The Rising Cost of Housing in Alameda County

Why is housing so unaffordable in Alameda County and the Bay Area?

The most fundamental reason housing is so expensive in Alameda County and the Bay Area is because we don’t have enough of it. There are a lot of reasons this is the case, but here are key reasons that we are experiencing such an extreme affordable housing challenge.

One of the biggest factors limiting housing supply over the last 50 years is land use and entitlement process rules that make building housing difficult and expensive. Across our region, there are limits on where and how much housing can be built, in particular where multi-family/apartment buildings can be built. Between 2015-2021, cities and counties across the region permitted only 35% of the affordable homes needed.

Money is limiting the housing supply

Building affordable housing has always required substantial public funding, and there is a shortage of funding for affordable housing. In the 1980s, the federal government reduced the amount of funding for affordable housing significantly, which has made it harder to build throughout the country. Today in the Bay Area, we continue to lack sufficient public funding to enable the development of affordable housing at the levels needed for our communities. As of 2023, there are 32,944 affordable homes in the Bay Area that are ready to be built, but can’t advance until they secure more public funding.

Together, restrictive zoning and the gap in funding have limited the supply of affordable housing, while we have seen continued regional growth and demand.

Widening income inequality

As of 2020, 3.5 million Bay Area residents – about half of all residents – are living in low- or very low-income households, accounting for 46% of all families in the region.

Strikingly, 68% of Black residents and 72% of Latinos are low or very low income, compared with just 35% of White residents. 

A high rate of homelessness

Approximately 37,000 unhoused people in the Bay Area in 2022, a 10% increase since 2019. We are also seeing growing rates of homelessness in outer counties that previously did not have significant populations of unhoused people, such as Contra Costa and Sonoma counties.

Instability for low-wage workers

57% of the Bay Area’s 3.5M low-income residents are rent-burdened, meaning they pay more than 30% of their income. This leaves people susceptible to extreme financial challenges if they experience a life crisis such as an illness or job loss. Based on this, it is estimated that about 575,000 people are at risk of homelessness.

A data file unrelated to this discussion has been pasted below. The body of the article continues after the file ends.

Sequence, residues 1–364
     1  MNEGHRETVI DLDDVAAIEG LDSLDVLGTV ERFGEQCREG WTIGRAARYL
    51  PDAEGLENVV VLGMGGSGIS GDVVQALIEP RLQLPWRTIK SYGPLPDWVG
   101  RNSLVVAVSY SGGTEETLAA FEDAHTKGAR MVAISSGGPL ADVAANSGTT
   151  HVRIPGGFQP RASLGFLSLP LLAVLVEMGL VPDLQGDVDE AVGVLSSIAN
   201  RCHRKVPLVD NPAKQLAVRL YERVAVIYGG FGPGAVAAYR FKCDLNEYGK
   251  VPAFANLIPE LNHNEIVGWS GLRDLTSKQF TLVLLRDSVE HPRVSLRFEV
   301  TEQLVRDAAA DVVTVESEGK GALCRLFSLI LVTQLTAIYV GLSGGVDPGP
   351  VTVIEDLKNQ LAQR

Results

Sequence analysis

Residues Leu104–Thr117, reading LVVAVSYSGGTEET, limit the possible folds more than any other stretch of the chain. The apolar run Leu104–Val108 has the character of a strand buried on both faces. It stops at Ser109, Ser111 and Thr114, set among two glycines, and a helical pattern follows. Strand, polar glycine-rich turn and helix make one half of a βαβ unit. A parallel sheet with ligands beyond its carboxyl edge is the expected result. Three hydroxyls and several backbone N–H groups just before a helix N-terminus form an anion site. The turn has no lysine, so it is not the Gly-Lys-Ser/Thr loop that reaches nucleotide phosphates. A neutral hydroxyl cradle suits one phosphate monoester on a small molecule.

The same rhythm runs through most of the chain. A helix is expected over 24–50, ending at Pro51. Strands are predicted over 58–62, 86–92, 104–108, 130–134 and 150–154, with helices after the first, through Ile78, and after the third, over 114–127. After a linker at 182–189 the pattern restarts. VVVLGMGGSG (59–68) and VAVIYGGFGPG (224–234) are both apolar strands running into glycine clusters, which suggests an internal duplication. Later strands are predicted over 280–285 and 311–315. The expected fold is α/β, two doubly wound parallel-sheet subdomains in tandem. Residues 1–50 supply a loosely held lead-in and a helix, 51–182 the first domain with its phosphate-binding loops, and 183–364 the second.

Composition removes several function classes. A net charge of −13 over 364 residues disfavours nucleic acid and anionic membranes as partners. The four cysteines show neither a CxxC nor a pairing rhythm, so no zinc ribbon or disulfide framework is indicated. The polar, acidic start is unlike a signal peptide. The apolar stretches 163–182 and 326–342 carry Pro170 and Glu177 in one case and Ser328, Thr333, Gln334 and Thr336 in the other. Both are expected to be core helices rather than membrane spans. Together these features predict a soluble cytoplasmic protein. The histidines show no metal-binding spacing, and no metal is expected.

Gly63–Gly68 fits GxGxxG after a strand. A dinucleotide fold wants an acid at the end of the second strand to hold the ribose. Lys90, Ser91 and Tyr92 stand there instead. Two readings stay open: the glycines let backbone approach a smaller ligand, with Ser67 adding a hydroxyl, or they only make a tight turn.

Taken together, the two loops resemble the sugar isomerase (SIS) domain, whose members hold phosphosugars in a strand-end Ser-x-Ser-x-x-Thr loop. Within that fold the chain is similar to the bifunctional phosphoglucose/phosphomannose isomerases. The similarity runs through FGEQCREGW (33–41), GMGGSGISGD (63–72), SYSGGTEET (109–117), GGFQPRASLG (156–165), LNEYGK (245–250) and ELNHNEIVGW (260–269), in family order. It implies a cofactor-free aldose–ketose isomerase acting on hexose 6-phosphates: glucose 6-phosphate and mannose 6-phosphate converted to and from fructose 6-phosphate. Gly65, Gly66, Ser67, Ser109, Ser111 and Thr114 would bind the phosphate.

Migration and strain on housing options. While not all people face homelessness because of the high costs of housing, we do see that many people face poor choices when it comes to finding an affordable home

We can plan to build homes, but we need a substantial funding source to actually build them and preserve the existing affordable housing we already have.

A proposed bond measure 

  • $10-20 Billion to invest in affordable housing
  • Requires voter approval
  • Funds dispersed over 10+ years 

To give a sense of what this would cost property owners, a $10 billion bond would mean approximately $100/year in additional property taxes for someone who owns a $1 million home.

a page from BAHFA presentation. It shows that 80% of funds return to where the funds originated and 20% to BAGFA to distribute

The “80/20 Split

  • That is, if we pass a Regional Housing Bond then 80% of the funds return to our county and some large cities (including Oakland), to be directly administered by the local governments.

The remaining 20% of the funds are retained by BAHFA to be strategically invested across the region.

The amounts here are based on a “return to source” methodology, whereby counties and cities will receive direct allocations in proportion to their contribution to the bond.

a graph that shows home much potential money could happen for AC County and Oakland if a bond is passed

So, if Alameda County county contributes a relatively larger share of tax revenue, it gets a relatively larger share of the bond funds.

There are two, parallel planning process that correspond to these two pots of the money: one is regional, and the other is local. There are many similarities between the processes, but also some important differences.

A timeline graph that shows what the Regional Housing Bond from Fall 2023 to 2025

The timeline is a key difference. For the regional funds, by law BAHFA must complete their Expenditure Plan in Spring of 2024 – prior to the ballot.

In contrast, the law gives Alameda County and the other counties more time – the earliest our expenditure plan can be due is February 2025.

With the leadership of Supervisor Miley, Berkeley’s Mayor Arreguin, and others – we are here because Alameda County is leveraging our prior successful experience with Measure A-1 to get a jumpstart on the process.